www.txrrhistory.com - Tower 80 - Houston (Percival)
Crossing of the Houston Belt & Terminal and the International - Great Northern railroads
Historic Photo, Tower 80 in January, 1949 (courtesy,
Tower 80 was located at Belt Junction in north Houston and remains a very active rail junction today. The north/south line was one of the earliest rail lines in Texas, built by the Houston & Great Northern Railroad in1871. It was subsequently owned by the International - Great Northern (I-GN), Missouri Pacific (MoPac), and Union Pacific railroads. The east/west line was built by the Trinity & Brazos Valley (T&BV) Railroad in 1907, and was subsequently owned by the Burlington-Rock Island (B-RI) and Burlington Northern & Santa Fe (BNSF) railroads. Through common ownership, the T&BV was related to the St. Louis-San Francisco Railway (Frisco). This line undoubtedly carried many Frisco trains between Dallas and Houston and probably explains why the frontage road west of the junction is called Frisco Street.
Tower 80 was established as a 14-function mechanical interlocking tower on July 25, 1913. Railroad Commission of Texas (RCT) records list the Tower 80 interlocking as a junction of the I-GN with the Houston Belt &Terminal (H&BT), with HB&T operating the east/west line and the tower. The tower is first listed in the RCT 1913 Annual Report as being located in Houston, but the 1915 report changed the location to "Percival". Later reports also cite the location as "Houston, Percival" and "Percival (Houston)". This reference appears to be associated with "Percival Yards", the name of the I-GN yards located immediately south of Belt Junction. However, we do not know if the "Percival Yards" name was in use by I-GN in 1915 because the only known reference to Percival Yards is from a 1950s map. It is possible that the Percival name for both the yards and the tower site derives from some other unknown (and presumably geographic) reference.
Tower 80 took control of the nearby Tower 76 interlocking in 1930.
Historic Photo - Tower 80
Above: By the time Tom Kline photographed Tower 80 in 1980, it was a new structure that had replaced the original 1913 tower.
The site of Tower 80 has been commonly known as Belt Junction as indicated by the signs on the exterior of the building. Tom
writes "...the location was referred to as 'Tower NX' at one time...a holdover from the telegraph days. NX was the call sign of the
interlocker. We never called it that but some of the old heads did. The tower was razed in 1985, and video cameras were put in at
the east switch of the plant to OS and record car numbers of passing trains."
1998 Photo - Tower 80 Site
Above: Facing due east at Belt Junction, the former I-GN line crosses in the foreground, just beyond the BNSF
grade crossing at Hardy Rd. Photo by Jim King
Additional Photos by Tom Kline
(click to enlarge)
Tom writes: "A northbound MP freight waits for a clearance card to be written up at the TO office on one of the connector tracks in the northeast quadrant of the junction leading to the Palestine Sub. Notice this connector is double track. Also notice the homemade order stand under the floodlight on the engineer's side of the loco. There were three of these in this area next to the office. They could hold a total of four train order forks each."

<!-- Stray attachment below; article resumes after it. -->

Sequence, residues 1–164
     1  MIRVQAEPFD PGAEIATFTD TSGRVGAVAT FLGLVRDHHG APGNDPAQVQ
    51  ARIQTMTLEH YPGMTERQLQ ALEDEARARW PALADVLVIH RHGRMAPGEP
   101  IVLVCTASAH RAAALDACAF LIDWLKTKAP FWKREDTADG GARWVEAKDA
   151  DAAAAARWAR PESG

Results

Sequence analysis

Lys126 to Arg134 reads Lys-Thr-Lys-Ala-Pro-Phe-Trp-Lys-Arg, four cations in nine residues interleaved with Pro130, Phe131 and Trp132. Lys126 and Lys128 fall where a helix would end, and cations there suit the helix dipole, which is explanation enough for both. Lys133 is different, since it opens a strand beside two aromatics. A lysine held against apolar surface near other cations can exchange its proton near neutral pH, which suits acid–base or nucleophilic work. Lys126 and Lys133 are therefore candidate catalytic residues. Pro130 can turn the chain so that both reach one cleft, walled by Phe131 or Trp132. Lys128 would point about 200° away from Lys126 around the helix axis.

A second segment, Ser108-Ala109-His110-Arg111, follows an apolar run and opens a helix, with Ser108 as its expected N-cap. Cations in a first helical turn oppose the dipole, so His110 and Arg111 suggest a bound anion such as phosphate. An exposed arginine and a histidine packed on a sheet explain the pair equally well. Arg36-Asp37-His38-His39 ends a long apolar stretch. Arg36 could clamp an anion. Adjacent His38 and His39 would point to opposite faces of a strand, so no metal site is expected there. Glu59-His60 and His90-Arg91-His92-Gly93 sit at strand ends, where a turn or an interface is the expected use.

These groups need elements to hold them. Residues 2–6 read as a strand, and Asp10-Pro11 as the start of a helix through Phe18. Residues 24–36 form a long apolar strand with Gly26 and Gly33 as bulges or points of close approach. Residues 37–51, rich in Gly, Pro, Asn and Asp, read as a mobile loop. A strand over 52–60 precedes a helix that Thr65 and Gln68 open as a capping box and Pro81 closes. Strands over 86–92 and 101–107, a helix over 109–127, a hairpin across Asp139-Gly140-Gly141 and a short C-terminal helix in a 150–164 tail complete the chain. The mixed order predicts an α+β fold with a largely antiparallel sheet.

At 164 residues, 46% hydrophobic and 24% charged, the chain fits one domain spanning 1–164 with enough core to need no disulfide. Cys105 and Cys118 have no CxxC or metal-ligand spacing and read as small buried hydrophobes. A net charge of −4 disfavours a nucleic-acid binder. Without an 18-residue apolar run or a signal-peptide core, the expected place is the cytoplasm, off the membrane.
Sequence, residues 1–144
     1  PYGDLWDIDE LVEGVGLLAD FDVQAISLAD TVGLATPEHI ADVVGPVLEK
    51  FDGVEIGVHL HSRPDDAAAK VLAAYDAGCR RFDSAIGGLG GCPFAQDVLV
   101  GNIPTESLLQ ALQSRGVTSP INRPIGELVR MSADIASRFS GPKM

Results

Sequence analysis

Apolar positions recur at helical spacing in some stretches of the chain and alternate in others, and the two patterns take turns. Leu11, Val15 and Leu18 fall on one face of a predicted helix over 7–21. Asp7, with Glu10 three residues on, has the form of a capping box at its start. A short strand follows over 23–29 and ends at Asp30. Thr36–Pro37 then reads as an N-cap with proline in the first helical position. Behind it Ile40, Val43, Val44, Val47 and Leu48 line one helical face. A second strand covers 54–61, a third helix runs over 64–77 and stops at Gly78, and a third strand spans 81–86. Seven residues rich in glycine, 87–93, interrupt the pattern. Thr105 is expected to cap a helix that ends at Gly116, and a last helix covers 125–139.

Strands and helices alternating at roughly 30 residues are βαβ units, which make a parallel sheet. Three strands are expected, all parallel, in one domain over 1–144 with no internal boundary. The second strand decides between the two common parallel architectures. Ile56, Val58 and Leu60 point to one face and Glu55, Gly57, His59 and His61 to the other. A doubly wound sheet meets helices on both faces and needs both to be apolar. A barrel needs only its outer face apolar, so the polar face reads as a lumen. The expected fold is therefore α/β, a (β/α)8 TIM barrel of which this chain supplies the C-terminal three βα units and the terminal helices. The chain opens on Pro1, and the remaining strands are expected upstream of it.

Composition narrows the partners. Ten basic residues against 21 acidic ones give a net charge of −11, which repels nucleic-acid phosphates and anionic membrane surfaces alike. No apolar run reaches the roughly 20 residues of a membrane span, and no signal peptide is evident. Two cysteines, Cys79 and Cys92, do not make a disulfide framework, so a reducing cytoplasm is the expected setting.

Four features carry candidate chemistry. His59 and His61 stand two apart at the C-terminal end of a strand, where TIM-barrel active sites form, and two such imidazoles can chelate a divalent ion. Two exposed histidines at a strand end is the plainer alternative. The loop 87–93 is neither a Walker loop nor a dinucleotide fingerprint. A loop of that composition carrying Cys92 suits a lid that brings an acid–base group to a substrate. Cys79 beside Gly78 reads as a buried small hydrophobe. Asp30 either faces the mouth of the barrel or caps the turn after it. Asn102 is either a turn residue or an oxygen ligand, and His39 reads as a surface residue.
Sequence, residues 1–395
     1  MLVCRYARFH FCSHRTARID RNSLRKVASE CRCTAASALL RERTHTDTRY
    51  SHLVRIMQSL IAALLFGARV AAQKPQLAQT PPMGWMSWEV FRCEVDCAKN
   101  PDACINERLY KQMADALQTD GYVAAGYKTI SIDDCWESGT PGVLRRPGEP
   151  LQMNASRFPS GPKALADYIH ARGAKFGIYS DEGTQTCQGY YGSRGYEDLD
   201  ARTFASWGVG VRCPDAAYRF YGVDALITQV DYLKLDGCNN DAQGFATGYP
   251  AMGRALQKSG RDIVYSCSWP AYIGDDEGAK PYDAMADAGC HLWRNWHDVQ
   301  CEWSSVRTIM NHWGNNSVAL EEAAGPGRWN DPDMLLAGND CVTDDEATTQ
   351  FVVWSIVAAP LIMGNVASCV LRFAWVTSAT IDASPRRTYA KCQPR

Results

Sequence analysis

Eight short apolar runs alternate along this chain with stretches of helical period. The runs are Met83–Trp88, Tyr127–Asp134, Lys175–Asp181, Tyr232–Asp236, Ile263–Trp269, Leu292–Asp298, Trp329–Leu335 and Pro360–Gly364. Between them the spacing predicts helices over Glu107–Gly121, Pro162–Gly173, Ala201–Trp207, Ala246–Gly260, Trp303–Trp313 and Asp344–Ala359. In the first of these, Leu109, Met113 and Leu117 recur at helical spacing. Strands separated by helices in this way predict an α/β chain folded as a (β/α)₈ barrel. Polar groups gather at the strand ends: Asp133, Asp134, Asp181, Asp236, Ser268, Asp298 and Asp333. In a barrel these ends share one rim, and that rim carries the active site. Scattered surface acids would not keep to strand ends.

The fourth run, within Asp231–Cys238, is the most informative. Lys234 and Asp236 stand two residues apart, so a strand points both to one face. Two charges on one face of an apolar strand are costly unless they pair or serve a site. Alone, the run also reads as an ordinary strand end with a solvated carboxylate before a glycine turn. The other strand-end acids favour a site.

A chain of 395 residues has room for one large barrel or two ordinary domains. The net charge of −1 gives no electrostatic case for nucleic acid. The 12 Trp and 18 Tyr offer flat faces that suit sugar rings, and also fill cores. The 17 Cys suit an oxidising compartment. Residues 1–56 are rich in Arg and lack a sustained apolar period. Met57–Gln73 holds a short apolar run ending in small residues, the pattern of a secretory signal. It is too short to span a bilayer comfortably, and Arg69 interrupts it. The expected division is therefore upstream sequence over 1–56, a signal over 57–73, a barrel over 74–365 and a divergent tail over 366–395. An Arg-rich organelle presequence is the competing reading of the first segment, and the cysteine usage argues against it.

Tom writes: "A horribly blurry shot looking west from the train order office down the HB&T/B-RI main of a MP freight grabbing orders while headed north off the "Passenger Main"-now the West Belt-and onto the Palestine Sub. This is a short telephoto shot and as you can see, the office was a good ways away from the diamond. I ran down to hang these orders and shot this view out the west window of the office. Notice the train order signal by the diamond for the north-south main. In the distance is a bulkhead flat car sitting on the lead into the Koppers creosote plant which occupied the northwest corner of the plant."
Tom writes: "That's me handing up wheel reports to the conductor of a Teague-bound train on the B-RI passing the Tower 80 office. Notice the connector track in the background, occupying the southeast quadrant of the plant."
Tom writes: "On the inside of the two connector tracks to the Palestine Sub a northbound eases past after grabbing orders. Notice the High-Speeder order post to the right which replaced the home made stand seen in the night photo above."
Historic Map, Tower 80 Location
Above: This Sanborn Fire Insurance Co. index map of Houston from 1951 shows a crossing of the I-GN and B-RI railroads (upper left part of the image) at Belt Junction, site of Tower 80. Although the east/west line was B-RI (ex-T&BV) heritage and the B-RI's mileposts ended at the interlocker, the junction was actually HB&T's crossing of the I-GN. The HB&T yard limits extended 3.4 miles west of Tower 80's diamond near where the present day Interstate 45 crosses the line. Tom Kline explains..."Operationally speaking, the tower was where the terminal began and ended for the B-RI, but the HB&T still switched a few little sidings west of there and the B-RI didn't. The furthest point south B-RI switched was Oak Forrest, the next station west (timetable north) from the interlocker. As for the B-RI's yard limits, they extended another 18.6 miles west (timetable north) from where the HB&T's ended." The map also shows a line running south from near Tower 80, generally paralleling the I-GN line (and Percival Yards) into downtown. This was HB&T's line into downtown Houston. The HB&T / Southern Pacific crossing located due east of Belt Junction (upper right corner) was the site of Tower 76. Note that "North Loop (Proposed)", now I-610, appears on the map, crossing the HB&T and I-GN railroads at their closest point south of Tower 80. The HB&T right-of-way to this location from near Belt Junction is now occupied by the Hardy Toll Road.
Tower 80 Satellite Image
Tower 80 Location Map